Satyajit Rai … the true face of India

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When the West was surprised by the movie “Song of the Little Way” (1955) by the Indian director of Bengali nationalism Satyajit Rai (1921 – 1992); Indian cinema was not known internationally. Film schoolers and movie club members know or have heard of Akira Kurosawa, Kenji Mizoguchi or Yasujiro Ozu from Asia. The most famous was Kurosawa. Ouzou was known, but his films did not arrive much. At the time, movie theaters were the only way to watch movies. Asian cinema was known to Europeans more than Americans, who were influenced by Hollywood’s view of orientalists as elusive and untrustworthy. The “Song of the Small Road” showed a different face to the East: the characters were not yellow or small-eyed, but rather brown. The film’s script differed slightly from the one prevailing at the time in the East (the Japanese scenario), as Satyajit Rai (“Chess Players”, “The Stranger”, “The Only Wife”, “The Hero”) is somewhat close to the European narrative. “The Song of Al-Tariq Al-Saghir” was the first in Rai’s cinematic career, after him he presented “The Invincible” (1956) and “Alam Abu” (1956). These three films formed what is known as the “Abu Trilogy”. In India, divided by class, Rai was born in Calcutta from a family of artists, doctors and scholars, he was able to study in Bengali and foreign universities. He founded the “Calcutta Film Association”, a type of movie club that allowed him to watch many foreign films. He traveled to Paris, where he became friends with director Jean Renoir and was his assistant in the movie “The River” (1951). In London, he saw the movie “The Bike Thief” (1948) by Italian Vittorio De Sica, which prompted him to devote himself to cinema. Rai was a stranger in India which produced the most amount of films in the world. He did not find his place. He wasn’t speaking their cinematic language. To him, cinema was something else. Ray Cinema is imbued with memories of Renoir and with neo-Italian realism. Rai al-Gharib, however, paved a different path, concerned with the social issue and the bad conditions in which his people lived. And because many of those who were working in cinema in her time in India were not professionals; He was not only the director and writer for his films but the translator, musician, photographer, author and even the movie poster designer.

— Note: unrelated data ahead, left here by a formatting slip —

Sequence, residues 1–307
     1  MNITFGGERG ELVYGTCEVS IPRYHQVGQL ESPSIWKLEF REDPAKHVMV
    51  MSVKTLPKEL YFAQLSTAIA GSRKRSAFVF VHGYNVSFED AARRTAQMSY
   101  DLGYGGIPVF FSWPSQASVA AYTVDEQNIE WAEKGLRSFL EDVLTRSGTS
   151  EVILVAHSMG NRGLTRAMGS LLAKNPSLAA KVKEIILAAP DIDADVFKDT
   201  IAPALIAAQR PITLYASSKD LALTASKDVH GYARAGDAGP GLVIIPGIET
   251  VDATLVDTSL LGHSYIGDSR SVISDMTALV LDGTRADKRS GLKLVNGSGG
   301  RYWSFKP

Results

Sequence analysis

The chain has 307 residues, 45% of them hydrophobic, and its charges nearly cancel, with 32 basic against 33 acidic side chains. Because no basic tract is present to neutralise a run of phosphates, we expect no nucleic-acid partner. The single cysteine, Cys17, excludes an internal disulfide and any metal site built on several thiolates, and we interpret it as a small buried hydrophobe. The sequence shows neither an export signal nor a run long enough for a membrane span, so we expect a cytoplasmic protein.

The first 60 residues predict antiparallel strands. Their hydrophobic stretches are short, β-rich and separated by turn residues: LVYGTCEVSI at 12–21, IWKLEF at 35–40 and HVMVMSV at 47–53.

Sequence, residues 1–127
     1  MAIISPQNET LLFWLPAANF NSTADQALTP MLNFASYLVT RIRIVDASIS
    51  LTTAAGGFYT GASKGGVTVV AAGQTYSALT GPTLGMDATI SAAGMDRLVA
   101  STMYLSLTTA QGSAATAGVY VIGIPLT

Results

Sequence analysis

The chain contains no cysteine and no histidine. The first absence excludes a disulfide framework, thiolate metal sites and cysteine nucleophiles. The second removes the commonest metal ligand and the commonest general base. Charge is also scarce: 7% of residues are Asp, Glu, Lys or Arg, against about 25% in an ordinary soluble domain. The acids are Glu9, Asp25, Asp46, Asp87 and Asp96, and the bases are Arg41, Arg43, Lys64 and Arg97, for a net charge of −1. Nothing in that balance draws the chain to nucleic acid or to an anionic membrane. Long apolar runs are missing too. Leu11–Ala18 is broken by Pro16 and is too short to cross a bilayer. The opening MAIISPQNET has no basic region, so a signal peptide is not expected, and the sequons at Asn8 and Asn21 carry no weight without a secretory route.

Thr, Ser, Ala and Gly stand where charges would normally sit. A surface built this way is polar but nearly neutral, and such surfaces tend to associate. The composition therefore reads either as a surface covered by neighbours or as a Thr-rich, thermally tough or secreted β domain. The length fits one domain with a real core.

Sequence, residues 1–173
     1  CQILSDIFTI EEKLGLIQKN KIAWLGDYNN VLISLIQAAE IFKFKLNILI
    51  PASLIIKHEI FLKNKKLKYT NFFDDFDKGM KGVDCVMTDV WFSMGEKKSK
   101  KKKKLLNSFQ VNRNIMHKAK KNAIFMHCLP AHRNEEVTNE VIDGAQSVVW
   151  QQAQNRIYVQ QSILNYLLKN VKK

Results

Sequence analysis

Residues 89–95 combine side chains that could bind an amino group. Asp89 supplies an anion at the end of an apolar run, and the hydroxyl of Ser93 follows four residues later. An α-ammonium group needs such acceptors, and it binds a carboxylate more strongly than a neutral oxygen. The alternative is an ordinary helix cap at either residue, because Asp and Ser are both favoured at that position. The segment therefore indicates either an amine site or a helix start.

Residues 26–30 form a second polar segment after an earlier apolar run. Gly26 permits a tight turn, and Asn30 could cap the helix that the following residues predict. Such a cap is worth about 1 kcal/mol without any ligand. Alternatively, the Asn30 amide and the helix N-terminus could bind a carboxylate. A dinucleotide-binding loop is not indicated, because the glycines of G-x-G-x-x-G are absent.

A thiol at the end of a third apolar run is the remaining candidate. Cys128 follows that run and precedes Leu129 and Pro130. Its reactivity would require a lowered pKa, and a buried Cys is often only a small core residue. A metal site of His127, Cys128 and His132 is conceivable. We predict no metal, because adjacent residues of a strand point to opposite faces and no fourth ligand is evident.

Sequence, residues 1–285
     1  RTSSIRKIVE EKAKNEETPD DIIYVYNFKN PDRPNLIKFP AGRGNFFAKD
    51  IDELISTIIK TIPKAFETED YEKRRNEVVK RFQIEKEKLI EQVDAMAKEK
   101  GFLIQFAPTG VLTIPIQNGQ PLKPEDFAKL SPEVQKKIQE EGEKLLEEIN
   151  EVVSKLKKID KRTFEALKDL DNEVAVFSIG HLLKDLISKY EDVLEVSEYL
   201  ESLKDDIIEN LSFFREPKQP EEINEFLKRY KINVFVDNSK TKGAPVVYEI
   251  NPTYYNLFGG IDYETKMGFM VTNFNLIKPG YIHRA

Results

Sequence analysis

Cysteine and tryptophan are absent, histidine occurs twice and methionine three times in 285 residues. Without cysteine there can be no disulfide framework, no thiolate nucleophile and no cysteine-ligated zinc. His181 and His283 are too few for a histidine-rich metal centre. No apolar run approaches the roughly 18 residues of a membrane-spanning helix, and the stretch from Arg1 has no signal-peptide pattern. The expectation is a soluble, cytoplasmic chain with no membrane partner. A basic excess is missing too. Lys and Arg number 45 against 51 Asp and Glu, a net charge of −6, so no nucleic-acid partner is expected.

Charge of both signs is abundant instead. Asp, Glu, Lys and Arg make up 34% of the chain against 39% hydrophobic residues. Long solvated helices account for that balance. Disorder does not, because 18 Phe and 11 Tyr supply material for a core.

A cinema infused with memories of Renoir and with neo-Italian realism

In the “Abu Trilogy”, there is realistic cinema, as if you were watching a documentary film of decisive moments in the life of the hero Abu. We live with him and his family all the time, from the stages of his childhood to the age of maturity and adulthood, until we reach a broad and broad end about man and life. The trilogy can be described as about death, Abu lives to see the death of those close to him, his relationship with members of his family complex, as well as his reaction to their deaths. A national saga that begins in the countryside where Abu was born. We move with him to the city, work and his relationship to religion in the holy city of Banares, then to the endeavors and ambitions to expand the province of Calcutta. The trilogy carries heavy themes, somewhat emotional. Cinema of a human nature, which tends towards contemplation and slow rhythm, gives priority to characters at the expense of dramatic escalation of events, and bears a degree of apparent simplicity despite its internal complexities.
Ray’s camera always looks at characters’ faces unhindered, in a transparent but misleading way. Ray understands well that it is not enough just to put the camera in front of the actor to play his role. He had wisdom in choosing space, frame, angle and lighting. Ray’s scenes were as smooth as no escape for the audience from the characters. In the way he directed the filming, he would force the actors to look up and lift and open the eyes to provide us with the most glances. To him, eyes were an open window, a beautiful and at the same time simple and natural resource revealing a lot. Shifts image sizes from more intimate and closer to generic snapshots of group scenes, which act as a picture of social stratification. 100 years after his birth, Rai is still the most famous director in Hindi cinema. Prolific, he directed 37 films, including fiction, documentary and short. Rai dealt with social and political problems in India from different aspects: inequality, unemployment, capitalist exploitation and corruption, lack of education, oppression of women. Introduce Indian women in a new way: Hakimat mocking the absurdity of the modern world. Ray never studied cinema, but he lived in it. New realist cinema pushed him to work with unprofessional actors because his films were all about the human side. He addressed the old traditional behaviors and looked at them with an informed view. Despite the realism of his films, he fed them with myths and fairytale-like tales. His films have a special taste, just like Indian cakes taste, because food and food play an important role in Rai’s films. In his cinema he presented existential narratives, in an uncomplicated way, which are pleasant to pass through and whisper before our eyes.

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